Hagel And The Israel Lobby

December 27, 2012 § 11 Comments

I really didn’t want to write about Chuck Hagel since I don’t think there is much to say that hasn’t already been said (although for the record, I have no problem with him as defense secretary based on what he has said about Israel, and in over an hour with him last September at the Atlantic Council he didn’t say one thing about Israel that raised a red flag), but reading James Besser’s op-ed in today’s New York Times compels me to weigh in. Besser’s thesis is that mainstream American Jewish groups such as the Anti-Defamation League and the American Jewish Committee are either silent on Hagel or complicit in trying to torpedo his nomination because they are afraid of extremist voices on the pro-Israel right such as the Emergency Committee for Israel, and that this radical fringe is setting the pro-Israel agenda and pushing more mainstream voices to adopt extreme positions. He says American Jewish leaders “increasingly tremble in the face of a small minority of zealots, whose vision of Israel’s future diverges from that of the majority of American Jews and clashes with core American values of freedom and democracy,” and he compares them to the leaders of the Republican Party in warning that a movement driven by extremists is bound to fail since it will run afoul of public opinion. Besser is basically arguing that the institutional pro-Israel movement is headed toward irrelevance because it is adopting positions that do not line up with the bulk of American Jewry, and he uses the Hagel nomination as his hook to make that argument.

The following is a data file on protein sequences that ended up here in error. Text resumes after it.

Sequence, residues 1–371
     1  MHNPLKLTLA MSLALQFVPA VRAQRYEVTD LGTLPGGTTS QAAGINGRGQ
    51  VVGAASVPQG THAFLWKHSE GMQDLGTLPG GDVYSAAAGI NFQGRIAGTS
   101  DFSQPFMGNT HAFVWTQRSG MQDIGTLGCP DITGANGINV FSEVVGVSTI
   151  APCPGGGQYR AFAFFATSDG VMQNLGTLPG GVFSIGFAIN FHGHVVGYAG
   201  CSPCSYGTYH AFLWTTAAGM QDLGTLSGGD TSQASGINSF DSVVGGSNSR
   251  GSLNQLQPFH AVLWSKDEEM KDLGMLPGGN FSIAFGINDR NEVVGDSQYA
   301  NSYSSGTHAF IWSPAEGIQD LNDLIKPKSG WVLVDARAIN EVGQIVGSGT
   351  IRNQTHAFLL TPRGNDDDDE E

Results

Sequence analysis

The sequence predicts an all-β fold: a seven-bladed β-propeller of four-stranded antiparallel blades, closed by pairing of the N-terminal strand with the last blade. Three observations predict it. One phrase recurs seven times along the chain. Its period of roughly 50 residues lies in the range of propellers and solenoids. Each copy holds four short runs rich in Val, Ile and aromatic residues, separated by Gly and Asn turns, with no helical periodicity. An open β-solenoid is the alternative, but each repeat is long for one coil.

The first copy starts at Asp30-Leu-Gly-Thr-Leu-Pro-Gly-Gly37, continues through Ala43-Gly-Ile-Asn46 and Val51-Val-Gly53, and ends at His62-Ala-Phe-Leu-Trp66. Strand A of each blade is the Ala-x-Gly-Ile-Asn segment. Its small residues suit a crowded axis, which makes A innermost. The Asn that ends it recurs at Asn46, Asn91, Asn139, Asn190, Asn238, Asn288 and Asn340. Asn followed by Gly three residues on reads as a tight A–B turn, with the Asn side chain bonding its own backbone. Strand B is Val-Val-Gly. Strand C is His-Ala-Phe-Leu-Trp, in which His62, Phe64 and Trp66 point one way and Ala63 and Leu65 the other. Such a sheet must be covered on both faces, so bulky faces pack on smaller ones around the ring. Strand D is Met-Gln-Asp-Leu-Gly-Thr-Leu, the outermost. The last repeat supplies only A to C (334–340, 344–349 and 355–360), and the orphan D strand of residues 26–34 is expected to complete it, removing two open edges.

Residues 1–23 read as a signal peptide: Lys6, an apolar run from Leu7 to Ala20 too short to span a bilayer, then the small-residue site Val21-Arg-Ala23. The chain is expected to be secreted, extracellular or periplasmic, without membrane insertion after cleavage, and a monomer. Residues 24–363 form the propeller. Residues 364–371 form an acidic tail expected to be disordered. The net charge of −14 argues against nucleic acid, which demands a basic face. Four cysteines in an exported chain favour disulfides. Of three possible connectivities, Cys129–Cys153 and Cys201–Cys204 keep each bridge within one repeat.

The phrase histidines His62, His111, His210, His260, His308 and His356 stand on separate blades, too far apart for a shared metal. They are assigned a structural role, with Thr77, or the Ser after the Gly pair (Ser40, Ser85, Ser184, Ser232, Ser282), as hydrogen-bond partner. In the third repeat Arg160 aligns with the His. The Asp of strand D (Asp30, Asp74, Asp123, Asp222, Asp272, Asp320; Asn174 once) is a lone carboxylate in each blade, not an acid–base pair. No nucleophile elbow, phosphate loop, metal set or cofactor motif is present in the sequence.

I agree with Besser that more extremist voices such as the ECI are driving the conversation on Hagel, and that this is not a good trend, although I am not as confident as he is that American Jewish leaders don’t themselves hold the same convictions and are rather being prodded along into taking positions with which they don’t agree. That aside though, there are two major problems with his argument, one specific to the Hagel issue and one general one. First, Besser is assuming that opposition to Hagel is going to provoke some sort of popular backlash because the anti-Hagel position is so extreme, but this seems to me to be a stretch. To begin with, while there is lots of support for Hagel within the foreign policy community, opposition to Hagel is emanating from too many quarters to make the anti-Hagel position the equivalent of denying evolution. I also don’t think this fight is really registering much among the general public, as Hagel’s name recognition is pretty low and this is the kind of Beltway fight to which most people pay little or no attention. As far as I can tell from a quick search, Hagel’s name recognition is actually so low that nobody has even bothered to do any polling on his potential nomination. The idea that opposing Hagel is so extreme and will provoke such outrage that it will cause the pro-Israel community to go into a death spiral is pretty far-fetched at best.